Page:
Dame Barbara Hakin: ‘The majority of GPs still want to make changes for patients’
As GPs prepare to lead the commissioning of NHS services from April, Jaimie Kaffash asks the civil servant in charge of the whole project whether things are still going to plan
Dame Barbara Hakin is the ultimate poacher turned gamekeeper. A GP for 20 years, she then became the NHS Employers lead negotiator for the new GP contract until 2008. But this year could be a landmark in her wide-ranging career.
On 1 April, CCGs – led by GPs - will take control of budgets worth £63bn in the biggest shake-up of the NHS since its birth in 1948. Dame Barbara, in her role as managing director of commissioning development at the NHS Commissioning Board, will be the person overseeing it.
Dame Barbara has a tough job ahead of her amid signs that GPs are losing their enthusiasm for participating in the reforms.
The GPC warns the Government’s imposition of the GP contract in April will drain the energy and will of GPs to lead CCGs and the test-case of Lewisham A&E is highlighting the powerlessness that some CCG leaders feel in the face of large-scale hospital reconfigurations.
A Pulse survey of 226 GPs showed last year that 52% were willing to boycott commissioning in response to contract changes while the BMA annual conference last year called on GPC to consider a boycott in response to the Government’s pensions reform.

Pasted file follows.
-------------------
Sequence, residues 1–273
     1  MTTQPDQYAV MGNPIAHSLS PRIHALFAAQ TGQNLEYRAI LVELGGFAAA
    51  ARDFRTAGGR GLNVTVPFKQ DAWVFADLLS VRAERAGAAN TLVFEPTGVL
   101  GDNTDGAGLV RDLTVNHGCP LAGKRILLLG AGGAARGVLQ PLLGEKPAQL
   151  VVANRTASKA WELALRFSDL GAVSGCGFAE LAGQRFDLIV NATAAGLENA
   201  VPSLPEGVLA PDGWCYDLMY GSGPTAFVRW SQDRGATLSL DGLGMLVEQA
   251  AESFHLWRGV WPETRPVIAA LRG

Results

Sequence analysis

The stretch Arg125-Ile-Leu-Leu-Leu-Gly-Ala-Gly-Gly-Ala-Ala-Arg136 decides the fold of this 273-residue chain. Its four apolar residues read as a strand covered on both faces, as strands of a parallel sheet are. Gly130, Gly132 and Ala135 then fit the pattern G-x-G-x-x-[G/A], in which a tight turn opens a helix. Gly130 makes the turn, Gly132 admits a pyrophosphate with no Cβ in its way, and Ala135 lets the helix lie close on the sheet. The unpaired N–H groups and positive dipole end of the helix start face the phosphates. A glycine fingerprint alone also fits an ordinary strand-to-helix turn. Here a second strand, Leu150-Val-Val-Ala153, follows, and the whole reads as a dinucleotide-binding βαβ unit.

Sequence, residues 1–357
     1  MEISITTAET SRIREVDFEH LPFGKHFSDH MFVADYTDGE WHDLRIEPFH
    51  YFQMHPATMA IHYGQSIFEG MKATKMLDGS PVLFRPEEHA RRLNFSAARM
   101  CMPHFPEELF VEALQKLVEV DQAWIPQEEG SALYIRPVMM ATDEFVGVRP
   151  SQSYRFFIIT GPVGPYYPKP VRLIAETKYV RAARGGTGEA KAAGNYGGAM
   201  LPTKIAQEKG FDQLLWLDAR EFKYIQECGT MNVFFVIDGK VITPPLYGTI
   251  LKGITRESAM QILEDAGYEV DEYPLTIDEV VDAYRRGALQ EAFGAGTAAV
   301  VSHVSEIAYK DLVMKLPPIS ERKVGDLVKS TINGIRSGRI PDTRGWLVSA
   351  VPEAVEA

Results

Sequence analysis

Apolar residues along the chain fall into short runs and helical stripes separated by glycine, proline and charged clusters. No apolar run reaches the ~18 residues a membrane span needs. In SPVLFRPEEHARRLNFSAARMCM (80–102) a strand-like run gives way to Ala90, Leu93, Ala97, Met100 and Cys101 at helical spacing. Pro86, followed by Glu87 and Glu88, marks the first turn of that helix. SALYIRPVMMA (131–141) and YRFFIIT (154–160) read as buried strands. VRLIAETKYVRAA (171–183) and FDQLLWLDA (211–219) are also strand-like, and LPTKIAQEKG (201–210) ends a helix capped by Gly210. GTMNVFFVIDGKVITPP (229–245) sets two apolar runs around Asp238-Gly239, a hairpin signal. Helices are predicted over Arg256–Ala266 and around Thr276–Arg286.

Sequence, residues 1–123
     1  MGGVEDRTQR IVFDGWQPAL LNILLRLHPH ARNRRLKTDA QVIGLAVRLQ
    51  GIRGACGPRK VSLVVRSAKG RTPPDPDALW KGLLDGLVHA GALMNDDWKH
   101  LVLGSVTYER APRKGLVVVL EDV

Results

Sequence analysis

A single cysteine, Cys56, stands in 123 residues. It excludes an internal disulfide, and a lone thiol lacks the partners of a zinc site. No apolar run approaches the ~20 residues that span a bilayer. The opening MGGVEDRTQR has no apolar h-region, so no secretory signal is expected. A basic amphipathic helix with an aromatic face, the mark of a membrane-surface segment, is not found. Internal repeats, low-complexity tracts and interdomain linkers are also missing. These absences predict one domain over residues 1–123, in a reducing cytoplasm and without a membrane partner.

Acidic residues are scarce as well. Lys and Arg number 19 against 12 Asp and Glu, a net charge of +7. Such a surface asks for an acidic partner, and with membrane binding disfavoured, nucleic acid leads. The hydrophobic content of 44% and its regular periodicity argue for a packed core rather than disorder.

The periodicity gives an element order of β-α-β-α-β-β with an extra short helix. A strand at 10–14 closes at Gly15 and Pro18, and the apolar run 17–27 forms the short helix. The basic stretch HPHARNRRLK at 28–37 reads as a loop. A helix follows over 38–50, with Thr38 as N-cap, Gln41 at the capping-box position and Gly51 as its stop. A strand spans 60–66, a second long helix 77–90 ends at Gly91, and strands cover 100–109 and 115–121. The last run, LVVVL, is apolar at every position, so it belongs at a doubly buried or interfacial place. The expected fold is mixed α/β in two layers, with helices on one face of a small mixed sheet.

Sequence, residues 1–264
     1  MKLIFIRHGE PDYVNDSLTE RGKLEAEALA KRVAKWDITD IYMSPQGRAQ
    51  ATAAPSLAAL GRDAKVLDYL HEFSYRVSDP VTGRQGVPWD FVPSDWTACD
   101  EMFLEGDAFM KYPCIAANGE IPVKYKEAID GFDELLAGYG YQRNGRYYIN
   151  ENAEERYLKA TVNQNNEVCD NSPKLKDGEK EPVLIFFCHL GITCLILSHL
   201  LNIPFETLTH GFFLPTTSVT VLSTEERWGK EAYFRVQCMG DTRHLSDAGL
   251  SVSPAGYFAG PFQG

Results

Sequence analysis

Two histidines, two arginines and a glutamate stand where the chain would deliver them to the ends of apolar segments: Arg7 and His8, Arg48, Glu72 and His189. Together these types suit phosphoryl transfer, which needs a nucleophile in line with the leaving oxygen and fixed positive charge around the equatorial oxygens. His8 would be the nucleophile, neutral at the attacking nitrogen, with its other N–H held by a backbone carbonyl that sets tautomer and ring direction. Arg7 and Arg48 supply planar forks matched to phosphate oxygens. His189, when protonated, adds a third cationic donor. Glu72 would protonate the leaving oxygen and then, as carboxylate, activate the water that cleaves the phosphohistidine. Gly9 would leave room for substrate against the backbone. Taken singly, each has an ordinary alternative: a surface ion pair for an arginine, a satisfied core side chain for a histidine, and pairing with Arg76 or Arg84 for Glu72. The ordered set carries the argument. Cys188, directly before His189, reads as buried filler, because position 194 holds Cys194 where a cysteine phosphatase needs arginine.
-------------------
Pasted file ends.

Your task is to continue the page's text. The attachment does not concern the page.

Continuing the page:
Sitting in the monolithic mothership that is the Board’s headquarters within Quarry House in Leeds, Dame Barbara is sanguine. Any commissioning boycott over the contract changes ‘would be a concern’, but she is confident that GPs still have the heart to lead CCGs.
She says: ‘As I get out and about, I find that the majority of CCGs and practices still want to be involved in commissioning and have an influence on making changes for their patients,’ she says. ‘Some of them have more time for commissioning than others.’
Dame Barbara is equally unperturbed by the controversy caused by the revelation that member practices would be bound by their constitutions, whether they signed them or not. She says that as long as the CCG is supported by the ‘broad church of general practice’ then the Board is happy to authorise it.
She says: ‘In any system, you will have enthusiasts, a large group of people who are happy to go along with things, but perhaps don’t want to lead the charge, and a small number who have a problem with what the majority want to do.
‘It would have been quite wrong for us to say CCGs should have every member practice signing the constitution. That was one way in which a CCG could show it had every practice engaged, but we did do a range of other things to make sure they had strong clinical engagement, such as the 360 degree feedback, for example. So the judgement was much more about “is this a true membership organisation?”’
Despite this, in some cases CCGs struggled to get literal sign up from GPs, with practices refusing to put their names to their constitutions. But Dame Barbara is clear those practices have ‘real concerns’ must seek change from within: ‘It is difficult to influence something from the outside.
‘Every practice has to identify an individual who will relate to the CCG so I think the practices who have concerns should engage through these mechanisms.’
Conflicts of interest